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Samsung announces new SpinPoint drives for the enterprise market

Although Fujitsu may be looking to solid-state storage (SSD) to replace 1.8" hard disc drives (HDDs), the market for fast 2.5" HDDs is still alive and well. Just last month, Fujitsu and Seagate announced 160GB 2.5" hard drives spinning at 7200RPM. Samsung has today upped the ante with a 2.5" enterprise 7200RPM HDD that boasts a capacity of up to 200GB.

The new SpinPoint MP1 Series utilizes perpendicular recording to achieve a density of 100GB per platter. The MP1 Series will be available in capacities of 80GB, 120GB, 160GB and 200GB and will support cache sizes of 8MB or 16MB.

All utilize a Serial ATA 3.0Gbps interface and feature native command queuing (NCQ). The drives also feature a rotary vibration controller (RVC) to protect drive from vibration and shock and are available with a free-fall sensor.

Samsung says that the MP1 series is designed for use in workstations, RAID servers, and blade servers. No pricing has been announced, but will likely be available closer to its May 2007 mass production date.

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By dcalfine on 4/11/2007 2:31:02 PM , Rating: 2
Though it would probably eat up a mess of power, could this drive be placed in a laptop? If not, could it be put in an external enclosure?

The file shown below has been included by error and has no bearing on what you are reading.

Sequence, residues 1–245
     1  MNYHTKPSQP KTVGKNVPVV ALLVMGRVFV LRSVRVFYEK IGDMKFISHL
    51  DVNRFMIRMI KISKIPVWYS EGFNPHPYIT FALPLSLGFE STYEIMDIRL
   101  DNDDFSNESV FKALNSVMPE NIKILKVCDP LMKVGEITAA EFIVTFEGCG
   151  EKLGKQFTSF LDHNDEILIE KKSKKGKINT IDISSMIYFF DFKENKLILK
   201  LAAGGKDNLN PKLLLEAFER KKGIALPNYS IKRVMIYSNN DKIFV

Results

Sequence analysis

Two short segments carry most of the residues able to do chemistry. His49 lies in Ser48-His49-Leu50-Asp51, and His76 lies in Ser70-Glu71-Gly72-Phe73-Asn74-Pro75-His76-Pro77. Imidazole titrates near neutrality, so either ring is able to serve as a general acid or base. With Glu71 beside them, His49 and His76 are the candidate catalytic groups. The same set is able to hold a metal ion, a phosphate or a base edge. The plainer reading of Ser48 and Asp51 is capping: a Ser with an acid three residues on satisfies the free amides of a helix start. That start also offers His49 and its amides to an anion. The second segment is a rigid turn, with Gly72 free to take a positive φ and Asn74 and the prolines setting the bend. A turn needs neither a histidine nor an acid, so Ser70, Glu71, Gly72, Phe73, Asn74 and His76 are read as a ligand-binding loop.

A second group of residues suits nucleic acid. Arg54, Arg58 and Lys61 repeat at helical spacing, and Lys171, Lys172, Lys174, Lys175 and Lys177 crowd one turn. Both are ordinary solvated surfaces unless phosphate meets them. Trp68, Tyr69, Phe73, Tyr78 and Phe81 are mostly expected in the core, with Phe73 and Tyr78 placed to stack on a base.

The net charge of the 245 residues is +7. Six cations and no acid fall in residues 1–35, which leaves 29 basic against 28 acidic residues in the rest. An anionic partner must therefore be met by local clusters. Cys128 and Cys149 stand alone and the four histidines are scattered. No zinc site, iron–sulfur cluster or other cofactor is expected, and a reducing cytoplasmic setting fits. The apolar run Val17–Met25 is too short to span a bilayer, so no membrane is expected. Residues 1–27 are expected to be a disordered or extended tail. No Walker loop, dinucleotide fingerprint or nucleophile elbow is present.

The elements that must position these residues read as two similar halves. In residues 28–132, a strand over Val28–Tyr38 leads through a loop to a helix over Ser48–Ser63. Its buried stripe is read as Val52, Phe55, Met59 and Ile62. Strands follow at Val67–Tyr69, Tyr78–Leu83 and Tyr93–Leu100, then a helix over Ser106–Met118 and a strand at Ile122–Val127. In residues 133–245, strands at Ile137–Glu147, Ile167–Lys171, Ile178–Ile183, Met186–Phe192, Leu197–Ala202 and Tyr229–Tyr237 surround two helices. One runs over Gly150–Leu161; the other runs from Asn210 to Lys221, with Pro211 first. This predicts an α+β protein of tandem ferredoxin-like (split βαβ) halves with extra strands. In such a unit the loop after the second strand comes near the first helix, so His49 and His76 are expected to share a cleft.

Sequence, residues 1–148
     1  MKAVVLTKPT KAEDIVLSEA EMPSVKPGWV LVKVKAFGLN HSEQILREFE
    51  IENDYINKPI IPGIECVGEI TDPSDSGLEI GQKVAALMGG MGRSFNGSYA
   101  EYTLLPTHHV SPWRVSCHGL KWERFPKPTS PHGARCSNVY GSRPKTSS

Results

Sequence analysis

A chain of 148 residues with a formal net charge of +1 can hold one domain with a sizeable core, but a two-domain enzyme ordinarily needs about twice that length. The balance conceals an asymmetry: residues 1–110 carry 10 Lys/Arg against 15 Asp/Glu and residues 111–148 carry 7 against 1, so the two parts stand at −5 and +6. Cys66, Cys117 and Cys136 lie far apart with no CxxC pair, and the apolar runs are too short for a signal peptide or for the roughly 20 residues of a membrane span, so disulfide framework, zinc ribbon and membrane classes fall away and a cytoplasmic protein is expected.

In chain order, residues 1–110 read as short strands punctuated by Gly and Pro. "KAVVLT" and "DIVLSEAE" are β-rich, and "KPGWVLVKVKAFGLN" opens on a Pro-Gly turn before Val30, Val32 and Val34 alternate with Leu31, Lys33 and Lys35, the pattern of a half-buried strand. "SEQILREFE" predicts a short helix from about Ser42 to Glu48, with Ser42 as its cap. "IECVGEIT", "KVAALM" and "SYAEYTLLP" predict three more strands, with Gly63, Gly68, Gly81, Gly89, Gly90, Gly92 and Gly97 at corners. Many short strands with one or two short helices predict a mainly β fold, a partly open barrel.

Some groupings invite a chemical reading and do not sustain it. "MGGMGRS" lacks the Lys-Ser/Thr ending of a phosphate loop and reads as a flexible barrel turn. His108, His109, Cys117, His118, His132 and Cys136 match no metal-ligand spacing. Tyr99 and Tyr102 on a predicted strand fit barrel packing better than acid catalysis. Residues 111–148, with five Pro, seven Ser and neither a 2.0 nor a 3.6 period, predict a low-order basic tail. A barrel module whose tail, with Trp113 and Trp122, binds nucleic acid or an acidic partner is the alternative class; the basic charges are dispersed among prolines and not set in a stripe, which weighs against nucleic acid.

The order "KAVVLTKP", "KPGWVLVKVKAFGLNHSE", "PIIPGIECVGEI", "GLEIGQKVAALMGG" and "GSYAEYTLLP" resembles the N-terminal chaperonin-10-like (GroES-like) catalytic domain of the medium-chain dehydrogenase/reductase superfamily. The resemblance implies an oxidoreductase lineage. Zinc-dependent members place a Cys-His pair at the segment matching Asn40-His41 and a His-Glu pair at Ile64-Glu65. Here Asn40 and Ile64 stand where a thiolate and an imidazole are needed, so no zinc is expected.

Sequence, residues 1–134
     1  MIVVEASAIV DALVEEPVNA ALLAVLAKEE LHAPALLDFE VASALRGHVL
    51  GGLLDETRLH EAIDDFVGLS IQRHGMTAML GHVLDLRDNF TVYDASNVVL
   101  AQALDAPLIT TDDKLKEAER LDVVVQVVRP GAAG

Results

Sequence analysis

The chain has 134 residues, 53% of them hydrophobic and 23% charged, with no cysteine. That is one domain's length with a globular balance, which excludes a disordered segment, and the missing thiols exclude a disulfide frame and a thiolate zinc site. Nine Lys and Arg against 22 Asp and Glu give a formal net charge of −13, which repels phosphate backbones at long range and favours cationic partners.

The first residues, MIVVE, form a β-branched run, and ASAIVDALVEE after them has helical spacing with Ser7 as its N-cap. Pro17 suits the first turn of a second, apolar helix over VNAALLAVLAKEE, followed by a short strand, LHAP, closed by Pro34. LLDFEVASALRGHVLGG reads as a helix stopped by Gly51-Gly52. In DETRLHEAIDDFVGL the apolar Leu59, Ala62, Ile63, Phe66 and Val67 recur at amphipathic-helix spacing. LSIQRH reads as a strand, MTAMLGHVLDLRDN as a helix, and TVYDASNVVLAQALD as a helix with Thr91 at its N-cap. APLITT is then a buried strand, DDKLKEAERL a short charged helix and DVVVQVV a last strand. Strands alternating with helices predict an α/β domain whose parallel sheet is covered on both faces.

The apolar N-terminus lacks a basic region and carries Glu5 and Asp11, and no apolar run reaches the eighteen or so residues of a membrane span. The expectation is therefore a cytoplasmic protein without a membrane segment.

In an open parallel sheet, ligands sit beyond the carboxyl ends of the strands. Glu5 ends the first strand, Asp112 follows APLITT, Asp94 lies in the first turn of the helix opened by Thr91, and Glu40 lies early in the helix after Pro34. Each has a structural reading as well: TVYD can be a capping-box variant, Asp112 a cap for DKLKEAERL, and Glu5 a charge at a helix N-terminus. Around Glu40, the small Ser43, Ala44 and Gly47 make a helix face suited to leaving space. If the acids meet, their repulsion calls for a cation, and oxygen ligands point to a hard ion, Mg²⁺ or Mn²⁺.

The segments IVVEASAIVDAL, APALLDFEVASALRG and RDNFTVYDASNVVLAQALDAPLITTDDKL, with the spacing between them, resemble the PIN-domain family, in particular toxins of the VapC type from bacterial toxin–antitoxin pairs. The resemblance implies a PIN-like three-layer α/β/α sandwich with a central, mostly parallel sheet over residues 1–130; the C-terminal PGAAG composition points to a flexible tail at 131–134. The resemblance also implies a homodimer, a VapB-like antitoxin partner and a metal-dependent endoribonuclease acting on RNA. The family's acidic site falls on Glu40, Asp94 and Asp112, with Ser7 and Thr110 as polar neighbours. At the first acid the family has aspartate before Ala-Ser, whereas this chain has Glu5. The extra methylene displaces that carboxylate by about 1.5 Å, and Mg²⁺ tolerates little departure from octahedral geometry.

I'm not sure I understand the purpose of shrinking enterprise drives when 'enterprises' typically have more money to spend on power and need greater speed and capacity.

RE: Question
By rippleyaliens on 4/11/2007 4:56:23 PM , Rating: 2
a 200gb 2.5 drive is good, BUT, why bother....

Seagate has 2.5 inch drives with 15k support now.

ALSO, at 7200 rpm, i understand the ability to fit 16 of these in a certain servers, but with that speed, it is a hugh shortcomming.

Now if that was a 10k rpm, SATA, than yah.. it would be interesting, but not really a necessity in the enterprise market. Most servers, which would utilize this size drive, 2.5 inches, are the 1-2u babys.. IE not really suitable for a file server. lacks the disk io for a database or mail server.

Looks sweet,, but tad bit late.

RE: Question
By lplatypus on 4/11/2007 8:12:39 PM , Rating: 2
Those 15krpm Seagate Savvio drives only go up to 73Gb, which costs well over $1000. The 10krpm Savvios go up to 146Gb. There's certainly space in the market for a cheaper, slower, higher capacity drive for servers/workstations in the 2.5" form factor. This corresponds to what we have in the 3.5" form factor, where 7200rpm SATA drives are used in servers where capacity/price is more important than speed.

RE: Question
By mattm52 on 4/11/2007 9:57:20 PM , Rating: 2
Everyone in this string is missing the point. It’s all about density. I worked in the rack storage industry, and to them, its all about cramming more storage in a smaller space while saving power, gaining redundancy and getting the Enterprise MTBF (Enterprise MTBF for the 2.5" is twice that of the Laptop.) Example where these drives are sought after, 1U form factor cramming 10 drives with an intelligent RAID controller. They are looking at both SAS and SATA drives for these applications, not in laptops. The other obvious application is the blade where there is very little space.

"We don't know how to make a $500 computer that's not a piece of junk." -- Apple CEO Steve Jobs

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